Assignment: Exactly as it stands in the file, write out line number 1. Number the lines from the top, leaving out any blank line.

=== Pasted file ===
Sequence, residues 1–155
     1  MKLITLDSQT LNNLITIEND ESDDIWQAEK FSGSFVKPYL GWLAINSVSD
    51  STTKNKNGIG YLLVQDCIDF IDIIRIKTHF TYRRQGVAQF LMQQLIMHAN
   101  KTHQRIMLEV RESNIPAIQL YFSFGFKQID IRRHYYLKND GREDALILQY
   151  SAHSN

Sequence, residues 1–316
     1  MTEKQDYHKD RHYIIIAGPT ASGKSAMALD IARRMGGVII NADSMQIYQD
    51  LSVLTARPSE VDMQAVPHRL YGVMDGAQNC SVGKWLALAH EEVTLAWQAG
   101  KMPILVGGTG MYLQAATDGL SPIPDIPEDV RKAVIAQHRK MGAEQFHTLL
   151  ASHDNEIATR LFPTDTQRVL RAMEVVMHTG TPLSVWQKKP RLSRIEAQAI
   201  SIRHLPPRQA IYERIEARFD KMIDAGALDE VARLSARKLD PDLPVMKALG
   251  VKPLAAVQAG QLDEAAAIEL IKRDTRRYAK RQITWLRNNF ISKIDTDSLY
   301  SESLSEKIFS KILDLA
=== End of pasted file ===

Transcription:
Sequence, residues 1–155